This fall, Phillips is offering two works by Norman Rockwell from the Miller-Boyett Collection in the “Evening Sale of 20th Century & Contemporary Art” on December 7. Rockwell’s works “An Audience of One,” estimated at $2.5 to $3.5 million, and “The Peephole,” estimated at $1 million to $1.5 million, have both been in the Miller-Boyett Collection since 1999. They will be on view at Phillips Southampton through October 25.
The 2020 Long Island Biennial, a juried exhibition featuring art from contemporary artists across Suffolk and Nassau counties, received more than 800 artwork entries this year, with 100 works selected for exhibition.
Now through November 22, Phillips Southampton is hosting “A Good Show For Strange Times,” featuring works from artists reflecting gallerist Vito Schnabel’s artistic orbit and personal collection.
“Housebound: Fairfield Porter And His Circle Of Poets And Painters” is an exhibition at the Parrish Art Museum that presents paintings and poems that bring in sharp focus the many connections between the works and the artists who created them. In conjunction with the exhibition, on October 30, the Parrish presents an illustrated talk with chief curator Alicia G. Longwell, Ph.D. and Karin Roffman, author of a biography of poet John Ashbery — a close friend of Porter’s and frequent guest at the artist’s Southampton home.
The Parrish Art Museum has opened “Material Witness,” a new exhibition presenting four large-scale sculptures and paintings in which the materials used by the artist are inextricably connected to and imbued with the meaning of the work itself.
In just two months, the board of the Sag Harbor Cinema will recognize the anniversary of the terrible fire of December 16, 2016, that devastated the cinema and a portion of the village’s Main Street by honoring the 19 fire companies and more than 150 first responders who came to battle the blaze in icy temperatures and powerful winds.
LongHouse Reserve is hosting Art Foray, an ongoing art scavenger hunt that culminates on October 31. Artists have hidden their work around the 16-acre sculpture garden (in trees, shrubs, and other spots) to be found, photographed, and tagged by participants. Lucky players will get to keep the art they’ve discovered.
This week, Hamptons Doc Fest adds the 2014 Fest Favorite “Imber’s Left Hand” to its website. The art film directed by award-winning Oceanside-raised director Richard Kane is about the life and career of Baldwin-raised New England painter Jon Imber, who was diagnosed with Lou Gehrig’s disease in 2012 and courageously adapted from painting with his right hand to his left.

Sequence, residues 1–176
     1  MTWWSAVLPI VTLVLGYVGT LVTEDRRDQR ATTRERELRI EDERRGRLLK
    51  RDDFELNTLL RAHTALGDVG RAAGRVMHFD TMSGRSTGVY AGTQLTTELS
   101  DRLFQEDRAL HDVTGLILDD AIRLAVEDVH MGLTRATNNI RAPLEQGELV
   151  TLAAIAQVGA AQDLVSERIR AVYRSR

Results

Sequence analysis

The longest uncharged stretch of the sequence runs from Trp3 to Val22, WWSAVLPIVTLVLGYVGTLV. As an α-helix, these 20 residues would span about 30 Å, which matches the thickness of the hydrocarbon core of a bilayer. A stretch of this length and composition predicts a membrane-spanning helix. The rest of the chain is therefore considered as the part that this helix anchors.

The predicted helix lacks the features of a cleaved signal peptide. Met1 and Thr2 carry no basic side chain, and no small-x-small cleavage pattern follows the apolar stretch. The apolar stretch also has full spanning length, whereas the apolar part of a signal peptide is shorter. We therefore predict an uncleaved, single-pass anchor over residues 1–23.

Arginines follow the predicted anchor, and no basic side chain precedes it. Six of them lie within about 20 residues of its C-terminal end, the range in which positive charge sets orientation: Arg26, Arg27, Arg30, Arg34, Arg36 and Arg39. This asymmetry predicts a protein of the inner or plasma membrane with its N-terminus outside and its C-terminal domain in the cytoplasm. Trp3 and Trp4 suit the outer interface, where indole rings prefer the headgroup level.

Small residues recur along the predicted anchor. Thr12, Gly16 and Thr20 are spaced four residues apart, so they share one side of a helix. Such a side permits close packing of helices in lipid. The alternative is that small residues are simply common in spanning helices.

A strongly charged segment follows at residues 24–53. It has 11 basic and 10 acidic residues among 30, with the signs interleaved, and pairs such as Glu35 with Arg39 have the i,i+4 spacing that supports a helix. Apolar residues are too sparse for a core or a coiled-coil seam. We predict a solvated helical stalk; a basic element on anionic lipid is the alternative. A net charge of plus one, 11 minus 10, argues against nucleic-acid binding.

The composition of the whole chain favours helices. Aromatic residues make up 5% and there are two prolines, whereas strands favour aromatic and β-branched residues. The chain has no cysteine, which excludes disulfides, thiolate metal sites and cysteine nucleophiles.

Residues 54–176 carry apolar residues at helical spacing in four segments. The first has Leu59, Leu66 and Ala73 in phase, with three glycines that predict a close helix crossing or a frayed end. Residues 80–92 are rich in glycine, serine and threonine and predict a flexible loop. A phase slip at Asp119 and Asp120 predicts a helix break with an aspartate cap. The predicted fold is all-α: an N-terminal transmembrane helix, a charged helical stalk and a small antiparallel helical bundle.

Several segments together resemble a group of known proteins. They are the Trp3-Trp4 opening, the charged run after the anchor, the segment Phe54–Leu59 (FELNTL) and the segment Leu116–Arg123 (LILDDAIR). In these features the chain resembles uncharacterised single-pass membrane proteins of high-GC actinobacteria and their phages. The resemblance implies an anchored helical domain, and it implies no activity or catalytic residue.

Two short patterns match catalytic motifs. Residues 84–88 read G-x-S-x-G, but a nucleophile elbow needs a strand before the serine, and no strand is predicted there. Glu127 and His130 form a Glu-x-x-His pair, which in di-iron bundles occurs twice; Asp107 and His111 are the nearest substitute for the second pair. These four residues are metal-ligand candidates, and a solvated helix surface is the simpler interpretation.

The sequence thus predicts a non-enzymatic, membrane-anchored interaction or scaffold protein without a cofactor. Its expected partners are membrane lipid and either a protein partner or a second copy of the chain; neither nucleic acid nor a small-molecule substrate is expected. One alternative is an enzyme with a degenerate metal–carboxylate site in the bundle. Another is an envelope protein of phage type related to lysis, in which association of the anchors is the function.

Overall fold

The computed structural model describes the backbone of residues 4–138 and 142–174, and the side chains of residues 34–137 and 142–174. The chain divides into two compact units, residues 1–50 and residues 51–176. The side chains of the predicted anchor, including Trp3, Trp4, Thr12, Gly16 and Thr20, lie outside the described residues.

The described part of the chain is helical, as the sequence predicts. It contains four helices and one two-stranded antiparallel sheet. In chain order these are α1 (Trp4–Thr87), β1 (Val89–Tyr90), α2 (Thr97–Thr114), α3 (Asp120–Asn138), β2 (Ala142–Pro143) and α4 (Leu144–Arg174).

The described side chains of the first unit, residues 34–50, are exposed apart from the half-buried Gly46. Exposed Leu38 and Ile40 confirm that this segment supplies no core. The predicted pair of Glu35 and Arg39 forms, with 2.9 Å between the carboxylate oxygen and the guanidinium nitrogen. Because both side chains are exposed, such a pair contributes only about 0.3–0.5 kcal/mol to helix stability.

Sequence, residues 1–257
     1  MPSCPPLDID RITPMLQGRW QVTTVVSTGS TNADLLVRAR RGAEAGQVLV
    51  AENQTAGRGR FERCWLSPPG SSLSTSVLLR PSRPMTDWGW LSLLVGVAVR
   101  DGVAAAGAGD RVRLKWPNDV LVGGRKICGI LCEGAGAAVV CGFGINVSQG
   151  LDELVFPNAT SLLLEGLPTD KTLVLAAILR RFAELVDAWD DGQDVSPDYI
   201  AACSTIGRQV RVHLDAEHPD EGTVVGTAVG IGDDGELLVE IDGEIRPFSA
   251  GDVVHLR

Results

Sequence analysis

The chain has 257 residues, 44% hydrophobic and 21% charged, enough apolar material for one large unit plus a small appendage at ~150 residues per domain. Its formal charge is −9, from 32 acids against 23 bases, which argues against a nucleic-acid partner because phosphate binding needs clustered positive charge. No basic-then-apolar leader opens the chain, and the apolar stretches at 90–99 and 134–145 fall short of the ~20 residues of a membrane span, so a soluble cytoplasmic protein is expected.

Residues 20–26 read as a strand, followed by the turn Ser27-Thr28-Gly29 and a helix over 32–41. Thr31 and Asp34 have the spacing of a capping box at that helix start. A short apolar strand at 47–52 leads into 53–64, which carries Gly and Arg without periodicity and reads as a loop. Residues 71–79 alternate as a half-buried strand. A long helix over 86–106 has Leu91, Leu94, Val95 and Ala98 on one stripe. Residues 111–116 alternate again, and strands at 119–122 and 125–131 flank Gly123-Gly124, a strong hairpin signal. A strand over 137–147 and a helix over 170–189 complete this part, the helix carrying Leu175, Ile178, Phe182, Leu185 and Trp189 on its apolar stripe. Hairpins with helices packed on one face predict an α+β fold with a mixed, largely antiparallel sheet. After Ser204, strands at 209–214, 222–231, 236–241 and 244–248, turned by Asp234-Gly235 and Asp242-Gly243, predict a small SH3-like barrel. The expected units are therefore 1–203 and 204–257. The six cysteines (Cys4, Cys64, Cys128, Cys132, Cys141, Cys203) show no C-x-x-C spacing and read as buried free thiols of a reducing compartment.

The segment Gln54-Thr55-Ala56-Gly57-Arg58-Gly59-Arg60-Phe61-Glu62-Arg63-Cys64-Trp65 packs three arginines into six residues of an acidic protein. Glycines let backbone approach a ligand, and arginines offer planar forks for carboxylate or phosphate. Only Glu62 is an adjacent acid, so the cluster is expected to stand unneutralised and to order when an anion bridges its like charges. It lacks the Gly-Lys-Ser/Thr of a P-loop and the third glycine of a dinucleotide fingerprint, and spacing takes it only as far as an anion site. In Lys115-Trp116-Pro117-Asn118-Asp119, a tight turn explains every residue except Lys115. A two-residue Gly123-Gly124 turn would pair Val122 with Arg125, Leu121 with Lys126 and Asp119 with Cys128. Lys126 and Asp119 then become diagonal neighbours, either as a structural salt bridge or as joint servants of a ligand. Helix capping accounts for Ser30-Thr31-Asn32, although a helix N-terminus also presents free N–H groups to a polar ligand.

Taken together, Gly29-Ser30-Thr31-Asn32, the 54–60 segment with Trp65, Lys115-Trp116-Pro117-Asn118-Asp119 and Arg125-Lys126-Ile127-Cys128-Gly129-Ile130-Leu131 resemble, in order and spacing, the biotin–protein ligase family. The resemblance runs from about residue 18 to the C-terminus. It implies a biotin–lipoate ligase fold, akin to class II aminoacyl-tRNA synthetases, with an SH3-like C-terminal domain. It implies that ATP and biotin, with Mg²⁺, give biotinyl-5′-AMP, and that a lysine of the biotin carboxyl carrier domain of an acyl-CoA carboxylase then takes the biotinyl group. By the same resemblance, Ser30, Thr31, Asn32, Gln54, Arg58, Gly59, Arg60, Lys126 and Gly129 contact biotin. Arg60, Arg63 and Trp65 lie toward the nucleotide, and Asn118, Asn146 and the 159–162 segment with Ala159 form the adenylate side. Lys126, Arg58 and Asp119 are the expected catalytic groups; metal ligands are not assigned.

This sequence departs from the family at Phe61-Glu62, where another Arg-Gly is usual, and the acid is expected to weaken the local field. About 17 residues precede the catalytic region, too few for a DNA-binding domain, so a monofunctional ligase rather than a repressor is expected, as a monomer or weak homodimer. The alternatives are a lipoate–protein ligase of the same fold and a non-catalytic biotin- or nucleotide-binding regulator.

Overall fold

A small company of costumed actors will read short tales of the macabre from the stage of the John Drew Backyard Theater, complimented by eerie sounds, mystifying lights, haunting projections plus some truly terrifying surprises.
Edgar Allan Poe is considered the undisputed master of 19th century American fear fiction. But in the course of his short life, the Baltimore-based writer, who died at age 40, suffered unimaginable tragedy and loss. All that misery and pain must have been a powerful driving force for Poe, who not only was an originator of the short story form as we know it, but was also the inventor of the horror genre. It turns out that in the midst of a 21st century pandemic, both those facets of Poe’s work make it ideal material for Zoom theater.
I wish I could remember the first time I stepped into Canio’s Books, which would have been in the spring of 1982... It took a little time for me to fully appreciate what has become a local cultural institution, with Canio’s Books celebrating its 40th anniversary this month. It almost never made it, thanks to me, because I sort of set it on fire. I’ll get back to that in a minute.
This Friday, Guild Hall opens “Red, Gold, and You” an outdoor installation by Amagansett artist Rosario Varela that will be on view in the Minikes Garden for two weekends. The work is composed of red paper and gold tape that will weave through the trees and shrubbery of the garden. But the piece is also designed to be interactive and impermanent, and a team of minders (aka members of Guild Hall’s Teen Arts Council) will be on site to redrape and gradually redesign the piece at the direction of visitors who offer suggestions for how it should change and morph into something else.
In 2012, a thirsty dog named Rosie stopped to lap up a bit of water from Georgica Pond. Three hours later she was dead. A toxin called microcystin that’s commonly caused by algae blooms was found in her liver. It’s hard not to see Rosie as the canary in the coal mine. If this could happen in the pond of Steven Spielberg and Ron Perelman, it can happen anywhere.
Although she came to this country when she was 14, Barbara Pitschel Goldowsky, now 84, never lost her indomitable heritage growing up in Nazi Germany in the make-do household of a remarkably creative and resilient mother.
Sag Harbor Cinema (SHC) is thrilled to announce a tribute to American legendary filmmaker Frederick Wiseman, kicking off with three retrospective programs of some of Wiseman’s past work, and building to the release of the great director’s latest film, “City Hall” on November 6. “Wednesdays With Wiseman” will feature the master documentarian in conversation with luminaries from his field. All programs will be presented in SHC’s Virtual Cinema, accessible through sagharborcinema.org.